The Brothers Karamazov and Music
Wednesday, December 14, 2005
I finished the Fyodor Dostoevsky novel Brothers Karamzov a few days ago. I had first attempted to read this about 15 years ago and got bogged down in the middle. This time I had enough momentum to make it all the way to the end, and I'm glad I did. As I've been thinking about how to review this novel, I can't get Beethoven's final symphony out of my head... number 9, number 9 number 9... (apparently I can't get the Beetle's "White Album" out of my head either).
For me, the 9th symphony and Brothers K are in the same emotional territory and have the same plot. They start in chaos and tragedy, Brothers K with the broken family history and Symphony #9 with what sounds like an orchestra tuning. Both composer and writer are exploring the side of life that is tumultuous like deep waters in a gale. Unpredictable, chaotic, and dark with the occasional shock of white. "Aqua sea-foam shame" as Kurt Cobain put it.
Against the background of unorganized angst, comes glimpses of order. Though the order we see often isn't what we would like to see. Murder, deceit, selfishness, and our own role in the evil that we despise. In the Brothers K, this all comes together in the murder of the family patriarch and the feeling that it is everybody's and nobody's fault all at the same time. In the symphony, we get it as giant dissonant chords that come out of nowhere with tympanis rolling.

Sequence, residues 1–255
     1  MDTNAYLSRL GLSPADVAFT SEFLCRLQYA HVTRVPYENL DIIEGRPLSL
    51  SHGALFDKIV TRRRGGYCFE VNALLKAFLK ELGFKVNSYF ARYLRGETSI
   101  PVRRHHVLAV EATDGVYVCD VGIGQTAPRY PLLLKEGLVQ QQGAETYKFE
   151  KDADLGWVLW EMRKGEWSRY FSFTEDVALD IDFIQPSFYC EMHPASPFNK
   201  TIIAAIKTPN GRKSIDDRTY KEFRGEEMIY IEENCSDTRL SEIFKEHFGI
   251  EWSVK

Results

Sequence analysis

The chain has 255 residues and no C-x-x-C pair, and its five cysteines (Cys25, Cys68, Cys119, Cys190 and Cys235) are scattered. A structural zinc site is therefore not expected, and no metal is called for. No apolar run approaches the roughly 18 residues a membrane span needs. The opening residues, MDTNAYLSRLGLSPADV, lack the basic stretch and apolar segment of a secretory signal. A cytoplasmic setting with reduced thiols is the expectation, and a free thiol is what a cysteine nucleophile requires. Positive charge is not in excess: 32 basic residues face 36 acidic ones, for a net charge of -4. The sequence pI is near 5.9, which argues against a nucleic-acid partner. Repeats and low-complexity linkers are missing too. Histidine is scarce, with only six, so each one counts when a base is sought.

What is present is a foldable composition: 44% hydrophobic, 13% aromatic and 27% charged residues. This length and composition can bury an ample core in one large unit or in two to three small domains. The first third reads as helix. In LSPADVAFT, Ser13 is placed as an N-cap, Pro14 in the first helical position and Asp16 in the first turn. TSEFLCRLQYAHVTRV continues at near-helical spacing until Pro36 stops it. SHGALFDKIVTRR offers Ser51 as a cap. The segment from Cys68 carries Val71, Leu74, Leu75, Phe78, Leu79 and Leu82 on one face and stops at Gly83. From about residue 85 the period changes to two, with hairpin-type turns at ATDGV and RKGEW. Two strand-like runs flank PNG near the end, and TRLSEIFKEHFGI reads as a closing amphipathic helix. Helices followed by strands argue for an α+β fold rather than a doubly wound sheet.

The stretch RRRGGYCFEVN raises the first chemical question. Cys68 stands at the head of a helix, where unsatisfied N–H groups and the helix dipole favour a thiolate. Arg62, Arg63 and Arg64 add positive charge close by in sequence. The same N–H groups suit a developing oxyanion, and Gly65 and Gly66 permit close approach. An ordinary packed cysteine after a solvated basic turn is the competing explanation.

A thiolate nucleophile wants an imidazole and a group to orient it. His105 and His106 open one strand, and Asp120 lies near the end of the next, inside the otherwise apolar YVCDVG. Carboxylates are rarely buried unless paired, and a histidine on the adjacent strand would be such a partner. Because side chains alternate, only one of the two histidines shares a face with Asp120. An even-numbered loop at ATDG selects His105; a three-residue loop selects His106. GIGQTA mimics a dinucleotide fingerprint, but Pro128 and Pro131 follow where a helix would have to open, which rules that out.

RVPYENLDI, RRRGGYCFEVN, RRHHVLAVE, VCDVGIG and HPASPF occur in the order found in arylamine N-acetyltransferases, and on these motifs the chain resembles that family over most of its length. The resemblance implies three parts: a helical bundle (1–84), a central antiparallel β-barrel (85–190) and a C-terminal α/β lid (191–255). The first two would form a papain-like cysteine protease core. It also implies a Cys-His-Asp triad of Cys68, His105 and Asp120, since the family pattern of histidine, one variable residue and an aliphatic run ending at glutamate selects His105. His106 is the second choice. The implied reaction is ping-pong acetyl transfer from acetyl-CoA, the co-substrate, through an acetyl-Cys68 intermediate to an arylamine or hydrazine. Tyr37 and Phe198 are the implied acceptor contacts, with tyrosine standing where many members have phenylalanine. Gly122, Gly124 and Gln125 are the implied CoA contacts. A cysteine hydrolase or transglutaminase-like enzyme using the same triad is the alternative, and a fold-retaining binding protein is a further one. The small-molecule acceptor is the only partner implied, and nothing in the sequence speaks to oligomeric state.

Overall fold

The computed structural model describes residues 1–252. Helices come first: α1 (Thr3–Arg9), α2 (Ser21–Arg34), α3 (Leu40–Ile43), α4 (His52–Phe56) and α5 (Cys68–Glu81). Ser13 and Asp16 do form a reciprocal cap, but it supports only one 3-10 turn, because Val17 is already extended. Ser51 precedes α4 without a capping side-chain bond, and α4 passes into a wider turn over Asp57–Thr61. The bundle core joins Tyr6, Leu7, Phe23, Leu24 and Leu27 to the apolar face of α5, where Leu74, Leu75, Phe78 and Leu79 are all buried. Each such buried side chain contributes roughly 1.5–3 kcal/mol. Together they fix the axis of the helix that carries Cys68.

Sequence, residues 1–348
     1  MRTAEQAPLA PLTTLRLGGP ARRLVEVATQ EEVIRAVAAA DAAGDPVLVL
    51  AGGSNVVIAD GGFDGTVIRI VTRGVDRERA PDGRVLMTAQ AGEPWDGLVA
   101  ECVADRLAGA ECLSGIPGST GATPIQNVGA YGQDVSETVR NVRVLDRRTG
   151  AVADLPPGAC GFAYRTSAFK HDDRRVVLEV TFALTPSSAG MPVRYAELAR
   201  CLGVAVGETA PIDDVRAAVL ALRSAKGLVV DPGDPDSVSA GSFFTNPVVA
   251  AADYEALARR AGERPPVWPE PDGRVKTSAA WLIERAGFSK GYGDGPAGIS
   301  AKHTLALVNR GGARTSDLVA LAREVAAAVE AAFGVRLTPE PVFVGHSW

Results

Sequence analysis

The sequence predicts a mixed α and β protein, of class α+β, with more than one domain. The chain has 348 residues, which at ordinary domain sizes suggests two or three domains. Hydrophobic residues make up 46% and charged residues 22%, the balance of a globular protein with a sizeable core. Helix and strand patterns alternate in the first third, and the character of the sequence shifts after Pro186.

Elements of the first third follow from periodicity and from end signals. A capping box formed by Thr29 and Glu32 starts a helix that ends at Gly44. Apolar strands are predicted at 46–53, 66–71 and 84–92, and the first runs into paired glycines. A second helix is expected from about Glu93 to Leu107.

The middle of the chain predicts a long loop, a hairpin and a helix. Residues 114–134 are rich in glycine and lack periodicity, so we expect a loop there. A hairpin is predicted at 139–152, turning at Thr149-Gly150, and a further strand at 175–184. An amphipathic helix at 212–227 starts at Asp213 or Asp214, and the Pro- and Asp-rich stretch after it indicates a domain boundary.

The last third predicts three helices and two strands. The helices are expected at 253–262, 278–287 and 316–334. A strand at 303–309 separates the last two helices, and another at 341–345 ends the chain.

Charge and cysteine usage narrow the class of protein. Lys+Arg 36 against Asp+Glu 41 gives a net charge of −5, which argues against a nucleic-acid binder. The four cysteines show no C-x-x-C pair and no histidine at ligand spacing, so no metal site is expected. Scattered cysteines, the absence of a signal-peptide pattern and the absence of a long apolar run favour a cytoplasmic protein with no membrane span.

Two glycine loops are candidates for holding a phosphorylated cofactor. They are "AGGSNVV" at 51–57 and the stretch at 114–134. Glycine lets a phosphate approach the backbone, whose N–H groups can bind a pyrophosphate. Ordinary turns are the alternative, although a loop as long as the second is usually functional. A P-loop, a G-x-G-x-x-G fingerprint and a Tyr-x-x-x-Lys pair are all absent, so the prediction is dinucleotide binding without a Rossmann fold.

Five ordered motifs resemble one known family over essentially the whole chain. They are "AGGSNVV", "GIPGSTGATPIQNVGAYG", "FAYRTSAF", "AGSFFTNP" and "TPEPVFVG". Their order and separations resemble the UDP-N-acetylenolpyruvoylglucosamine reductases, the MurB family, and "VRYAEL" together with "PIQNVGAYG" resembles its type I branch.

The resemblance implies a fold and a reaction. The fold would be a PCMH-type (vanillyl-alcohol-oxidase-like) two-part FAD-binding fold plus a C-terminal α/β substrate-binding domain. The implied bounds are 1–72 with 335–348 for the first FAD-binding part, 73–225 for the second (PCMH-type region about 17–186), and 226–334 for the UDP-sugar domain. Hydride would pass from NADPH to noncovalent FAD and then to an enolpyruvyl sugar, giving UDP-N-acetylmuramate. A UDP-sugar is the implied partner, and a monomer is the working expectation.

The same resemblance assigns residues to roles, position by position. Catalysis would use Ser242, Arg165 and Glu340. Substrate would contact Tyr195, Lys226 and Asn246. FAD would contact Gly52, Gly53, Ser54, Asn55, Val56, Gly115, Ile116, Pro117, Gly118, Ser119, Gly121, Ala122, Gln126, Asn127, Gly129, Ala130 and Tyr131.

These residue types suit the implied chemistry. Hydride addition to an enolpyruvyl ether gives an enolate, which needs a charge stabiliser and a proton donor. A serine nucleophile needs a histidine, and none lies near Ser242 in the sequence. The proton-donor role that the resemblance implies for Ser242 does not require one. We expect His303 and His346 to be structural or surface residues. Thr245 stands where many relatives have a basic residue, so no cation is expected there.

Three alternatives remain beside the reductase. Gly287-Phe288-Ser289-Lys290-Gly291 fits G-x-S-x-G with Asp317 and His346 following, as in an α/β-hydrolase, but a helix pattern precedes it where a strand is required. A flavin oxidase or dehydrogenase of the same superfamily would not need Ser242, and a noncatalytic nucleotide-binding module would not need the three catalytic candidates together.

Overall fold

Of course, both book and song have glimmers of a hope which is greater than the immediate circumstance. These are the whitecaps on the waves. The glimpse of love, or of beauty in the midst of the storm.
The big payoff in both of the artistic works is saved for the end. I wouldn't call it a "happy ending" in either case, but it is a triumphant one. They seem to say that despite it's fallen state, life is an awesome privilege, especially when we realize that we face it with together, as brothers and sisters. It takes quite an artist to pull this off in a genuine way, but I think both Beethoven and Dostoevsky pull it off. So, check it out, take your date to the symphony, wade through this 1,000 page novel and ponder the grand themes of life!
Post a Comment